Grounding, bonding,AC, DC
Grounding, bonding, AC neutral and green wire ground, and DC minus.
On my 1976 gulfstar I just replaced all my thru hulls and seacocks. *When I was taking them apart I noticed that the chain plates were tied to the seacocks and the seacocks were tied to the backing plate for my cutlass bearing. *All these were daisy-chained from bow to stern.
*I don't understand bringing the energy from a lightning strike down to a thruhulls? I would think you would want to run the lightning protection directly to the backing plate.
*The DC minus was tied to the engine block and the AC green wire ground and neutral went back to shore power. I believe these are correct.
All the bonding wires were either *broken or disconnected or corroded. These I'm pulling out and replacing with new. *I'm also going to replace the backing plate with a 3/8 bronze plate. *And I'm redoing my DC primary wiring.
I pretty well understand how most of this should be except for the chain plates/seacocks. *The chain plate wire is for lightning protection? *The seacocks wire is bonding for stray currents. *Should these two be tied together? * Can I run all these wires to a terminal block, and then a single wire to the backing plate? *Or should the lightning and bonding be run separate to the plate?
Also what size wire should I be using?
I understand that the AC and DC should never be tied together.
Re: Grounding, bonding,AC, DC
Wow, opinions vary on this subject. Let me begin by saying that I have been struck by lightning while underway and although electric/electronics were toasted crispy, hull integrity was fine.
Chainplates should be grounded although in point of fact an aluminum mast is the preferred down conductor, being a much better conductor than stainless steel stays. This is the path lightning will try and take and this is where boat lightning protection should be.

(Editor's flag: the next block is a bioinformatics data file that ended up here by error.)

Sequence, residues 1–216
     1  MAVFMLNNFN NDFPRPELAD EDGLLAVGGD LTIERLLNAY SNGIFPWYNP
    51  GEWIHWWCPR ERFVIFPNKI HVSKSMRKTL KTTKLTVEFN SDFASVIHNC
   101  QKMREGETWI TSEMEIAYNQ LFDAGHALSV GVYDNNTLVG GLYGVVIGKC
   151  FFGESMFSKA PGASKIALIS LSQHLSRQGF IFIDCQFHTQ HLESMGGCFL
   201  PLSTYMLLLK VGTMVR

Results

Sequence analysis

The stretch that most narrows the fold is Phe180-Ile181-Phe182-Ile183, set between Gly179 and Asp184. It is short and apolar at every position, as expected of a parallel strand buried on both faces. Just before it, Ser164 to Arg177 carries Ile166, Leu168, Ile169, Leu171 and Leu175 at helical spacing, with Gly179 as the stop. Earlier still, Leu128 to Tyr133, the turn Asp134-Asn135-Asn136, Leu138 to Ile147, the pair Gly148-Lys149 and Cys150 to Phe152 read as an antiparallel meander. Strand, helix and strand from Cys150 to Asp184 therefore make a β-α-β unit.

Recent information from the lightning capital of the USA. University of Florida
"......If the mast base is on top of the cabin, a downconductor is needed to connect the mast base to the ground strips. Use at least #4 gauge copper with preferably bimetallic copper/stainless connections to prevent galvanic corrosion.
Alternatively, make a strong mechanical connection and additionally braze or solder, to improve the electrical contact and lessen the chance of contact corrosion, then paint with an insulating coating. A keel-stepped mast similarly needs to be connected to the keelbolts with at least #4 gauge copper...."
Re: Grounding, bonding,AC, DC
The mast is stepped on the keel. I'm pretty sure it is grounded. I check when I get back to the boat. should I daisy chain everything back to the backing plate?
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